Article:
Exploring a new ethnic cuisine can be intimidating to the inexperienced. Sometimes, trying an unfamiliar style of food is better when accompanied by someone with a little bit of knowledge. Frequently, when experiencing a new ethnic restaurant, I like to try an assortment of appetizers for a good sampling. It is also a great way to start the meal.
At the Red Hook Curry House, you could start with an Assorted Indian Hors D'oeuvres basket ($5.95), but be advised it only contains one of each appetizer. This is great if ordering for yourself, not so great if sharing. It came with one meat samosa, a chicken pakora, a bhujia, a medley of veggie pakora and one papadam. Pakora are battered and deep-fried morsels, generally a vegetable. The jewel in the basket was the bhujia. Shredded onions, heavily battered and fried, shimmered with a red-orange color.
Order an extra Papadum ($1.95). This is the lentil wafer bread that is generally placed on tables for munching with the accompanying condiments of mint/cilantro, onion chutney and tamarind sauce. It is addicting with its crunch and mild flavor, which is the perfect complement for the table sauces.
If you would like to try an appetizer that is not fried, the Chana Bhaji ($5.95) is a good bet. The menu read "fried chickpeas," but this was more of a braise. Chickpeas were served in their braising juices and this came with a big, puffy piece of poori. The light and pillowy bread portions out nicely to wrap around anything you have ordered into bite-sized pieces.
Beverages are presented in a limited menu, which consisted primarily of teas, lassis, fruit juices and soda. I was told toward the end of our meal that guests are welcome to "bring your own bottle," though it does not say that on the menu or website.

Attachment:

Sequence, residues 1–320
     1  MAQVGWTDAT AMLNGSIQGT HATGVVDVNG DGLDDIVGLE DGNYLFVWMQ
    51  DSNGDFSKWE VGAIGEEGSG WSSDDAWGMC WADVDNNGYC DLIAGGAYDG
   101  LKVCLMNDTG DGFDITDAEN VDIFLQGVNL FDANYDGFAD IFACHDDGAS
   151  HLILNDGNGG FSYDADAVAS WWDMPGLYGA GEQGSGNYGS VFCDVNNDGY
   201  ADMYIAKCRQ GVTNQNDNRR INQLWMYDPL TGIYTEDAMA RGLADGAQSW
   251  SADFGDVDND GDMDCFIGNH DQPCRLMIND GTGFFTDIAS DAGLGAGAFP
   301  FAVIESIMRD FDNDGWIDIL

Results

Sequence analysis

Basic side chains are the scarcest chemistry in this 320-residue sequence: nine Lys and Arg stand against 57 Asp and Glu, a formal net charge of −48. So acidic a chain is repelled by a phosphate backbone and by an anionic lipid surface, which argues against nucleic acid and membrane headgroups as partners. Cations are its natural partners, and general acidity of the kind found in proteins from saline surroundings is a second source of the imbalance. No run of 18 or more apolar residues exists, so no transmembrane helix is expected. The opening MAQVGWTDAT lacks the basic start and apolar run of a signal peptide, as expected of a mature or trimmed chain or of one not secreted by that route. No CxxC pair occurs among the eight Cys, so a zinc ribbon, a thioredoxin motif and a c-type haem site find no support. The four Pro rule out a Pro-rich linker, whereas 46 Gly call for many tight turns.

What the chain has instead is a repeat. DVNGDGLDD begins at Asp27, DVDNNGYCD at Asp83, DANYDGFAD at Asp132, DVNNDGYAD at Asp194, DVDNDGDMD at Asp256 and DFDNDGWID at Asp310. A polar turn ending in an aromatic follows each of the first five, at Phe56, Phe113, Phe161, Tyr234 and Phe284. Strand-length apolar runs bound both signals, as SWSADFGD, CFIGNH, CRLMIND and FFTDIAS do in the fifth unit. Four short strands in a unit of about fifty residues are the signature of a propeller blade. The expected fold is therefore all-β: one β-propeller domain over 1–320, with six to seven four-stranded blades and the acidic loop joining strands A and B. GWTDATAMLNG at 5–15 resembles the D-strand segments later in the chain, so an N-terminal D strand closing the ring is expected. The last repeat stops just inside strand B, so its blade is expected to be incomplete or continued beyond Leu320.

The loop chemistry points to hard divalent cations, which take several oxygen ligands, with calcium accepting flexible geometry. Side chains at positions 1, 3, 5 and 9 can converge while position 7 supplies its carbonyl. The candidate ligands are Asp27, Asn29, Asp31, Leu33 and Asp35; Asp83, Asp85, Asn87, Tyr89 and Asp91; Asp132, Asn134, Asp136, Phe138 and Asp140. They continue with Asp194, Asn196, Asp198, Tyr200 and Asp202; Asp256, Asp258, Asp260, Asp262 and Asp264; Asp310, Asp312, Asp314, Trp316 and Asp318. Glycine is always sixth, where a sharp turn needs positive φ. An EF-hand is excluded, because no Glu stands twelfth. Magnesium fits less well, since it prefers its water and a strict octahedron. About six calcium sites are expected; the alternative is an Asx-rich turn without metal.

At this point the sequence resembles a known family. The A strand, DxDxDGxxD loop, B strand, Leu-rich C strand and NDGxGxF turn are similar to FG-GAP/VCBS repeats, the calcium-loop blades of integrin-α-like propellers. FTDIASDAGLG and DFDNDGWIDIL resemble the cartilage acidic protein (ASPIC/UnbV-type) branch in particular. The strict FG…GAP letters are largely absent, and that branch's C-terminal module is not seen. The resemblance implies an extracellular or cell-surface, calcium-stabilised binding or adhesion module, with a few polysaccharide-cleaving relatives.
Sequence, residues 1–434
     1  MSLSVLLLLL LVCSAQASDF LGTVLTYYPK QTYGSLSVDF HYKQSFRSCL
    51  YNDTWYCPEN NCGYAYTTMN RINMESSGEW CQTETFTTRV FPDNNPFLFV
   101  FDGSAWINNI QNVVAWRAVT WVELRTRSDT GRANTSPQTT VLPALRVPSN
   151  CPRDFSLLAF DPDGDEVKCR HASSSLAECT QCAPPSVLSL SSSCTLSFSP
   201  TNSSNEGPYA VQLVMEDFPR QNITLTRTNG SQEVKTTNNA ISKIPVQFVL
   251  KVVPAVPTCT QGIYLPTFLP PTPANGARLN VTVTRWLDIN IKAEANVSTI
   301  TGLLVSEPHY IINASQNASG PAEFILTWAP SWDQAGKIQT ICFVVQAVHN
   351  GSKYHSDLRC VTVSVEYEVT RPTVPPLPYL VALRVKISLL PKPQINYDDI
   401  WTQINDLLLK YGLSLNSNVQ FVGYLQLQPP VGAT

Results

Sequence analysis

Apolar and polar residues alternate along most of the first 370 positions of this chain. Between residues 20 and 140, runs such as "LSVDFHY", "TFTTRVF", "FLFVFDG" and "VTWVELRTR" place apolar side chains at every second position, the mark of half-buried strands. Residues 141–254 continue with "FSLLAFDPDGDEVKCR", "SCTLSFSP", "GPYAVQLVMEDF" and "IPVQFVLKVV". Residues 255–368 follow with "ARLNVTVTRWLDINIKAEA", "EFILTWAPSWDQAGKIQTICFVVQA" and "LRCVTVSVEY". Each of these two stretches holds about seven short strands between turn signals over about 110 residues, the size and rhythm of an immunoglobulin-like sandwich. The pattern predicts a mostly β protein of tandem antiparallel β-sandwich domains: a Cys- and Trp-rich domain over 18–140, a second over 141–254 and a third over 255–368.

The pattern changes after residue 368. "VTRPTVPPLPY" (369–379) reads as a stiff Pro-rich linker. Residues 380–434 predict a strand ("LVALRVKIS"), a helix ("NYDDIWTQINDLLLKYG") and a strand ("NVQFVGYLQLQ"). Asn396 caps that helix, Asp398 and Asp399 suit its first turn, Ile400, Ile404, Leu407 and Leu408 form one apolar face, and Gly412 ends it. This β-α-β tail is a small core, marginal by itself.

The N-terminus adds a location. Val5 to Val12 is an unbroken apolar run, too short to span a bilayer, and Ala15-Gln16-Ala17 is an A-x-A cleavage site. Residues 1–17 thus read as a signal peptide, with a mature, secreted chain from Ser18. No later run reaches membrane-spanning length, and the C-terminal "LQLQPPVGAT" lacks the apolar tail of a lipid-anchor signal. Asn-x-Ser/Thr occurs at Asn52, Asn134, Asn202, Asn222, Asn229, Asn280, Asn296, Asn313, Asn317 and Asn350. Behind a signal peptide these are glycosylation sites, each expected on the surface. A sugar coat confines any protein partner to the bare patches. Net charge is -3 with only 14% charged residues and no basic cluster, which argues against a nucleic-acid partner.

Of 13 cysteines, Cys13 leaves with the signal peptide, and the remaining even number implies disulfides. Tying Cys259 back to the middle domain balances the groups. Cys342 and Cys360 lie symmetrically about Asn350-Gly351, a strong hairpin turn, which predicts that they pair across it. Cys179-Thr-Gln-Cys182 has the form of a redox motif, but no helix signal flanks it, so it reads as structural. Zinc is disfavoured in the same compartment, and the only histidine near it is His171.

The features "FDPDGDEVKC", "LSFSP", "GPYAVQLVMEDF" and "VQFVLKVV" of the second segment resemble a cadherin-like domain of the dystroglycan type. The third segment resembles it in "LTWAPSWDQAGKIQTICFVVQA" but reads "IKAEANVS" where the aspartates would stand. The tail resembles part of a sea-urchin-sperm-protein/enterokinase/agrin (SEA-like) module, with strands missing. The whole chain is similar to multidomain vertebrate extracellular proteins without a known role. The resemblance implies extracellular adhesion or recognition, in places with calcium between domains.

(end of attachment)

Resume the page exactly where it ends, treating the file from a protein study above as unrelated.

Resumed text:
For a savory entree, order a standard Chicken Curry ($12.95). This is a good entry-level dish for someone new to the cuisine. Fork-tender pieces of chicken were simmered in a brick-colored sauce that both flavored and tenderized the protein. This curry presented no discernible heat, but was big on traditional flavors. Paired with fragrant basmati rice, it was a great dish.
If a sweeter dish is your desire, try a korma. This classic dish is customarily cream and almond-based. The Lamb Korma ($13.95) was pallid in color, but hearty in flavor and satisfaction. Biryani is also a good introductory dish, if only because it is rice-based. Similar to stir-fry, the Curry House combines basmati rice that held the very faintest of saffron tones with whatever protein you have selected. The biryaniis also served in a sweeter profile than other establishments. Almonds, cream and raisins combined with lamb were almost monotone. A heavy hand of green peas and barely chopped cilantro capped the bowl, almost as an afterthought.
Sample the breads! As previously mentioned, the papadam is a must and the poori is fun and easy to eat with any meal. For a little more "tooth" to the bread sampling try a filled naan. The Vegetable Naan ($3.95) was about a half-inch thick, steaming hot and bursting with aromatics. Pashwari Naan ($3.95) was a sweet, filled flatbread — minced nuts, raisins and sweetened coconut could be seen when tearing pieces off this yummy fare. A sweet way to end a meal.
The Poughkeepsie Journal pays for the meals that are the subjects of restaurant reviews and reviewers do not identify themselves prior to the end of the meal. Theresa J. Marquez, Web producer for the Poughkeepsie Journal, graduated from the Culinary Institute of America in 2005 with high honors. She has worked for Cooking Light magazine and is a local personal chef and culinary coach. Contact her at email@example.com
Red Hook Curry House
28 East Market St., Red Hook; 845-758-2666; www.redhookcurryhouse.com; northern Indian cuisine. Hours: 11:30 a.m.-3 p.m., Monday-Sunday, lunch; 5-10 p.m., Saturday-Thursday, dinner; 3-10 p.m., Friday, dinner; reservations recommended for larger groups; Visa and MasterCard accepted; vegetarian entrees on menu; no gluten-free offerings; catering services available; handicapped accessible, but phone ahead
Directions: From Poughkeepsie, drive north on Route 9. Continue about 22 miles, staying on Route 9 north through Rhinebeck and into Red Hook. Turn right onto East Market Street. The restaurant is on the right side of the street and offers off-street parking.
Theresa J. Marquez, Poughkeepsie Journal
October 31, 2014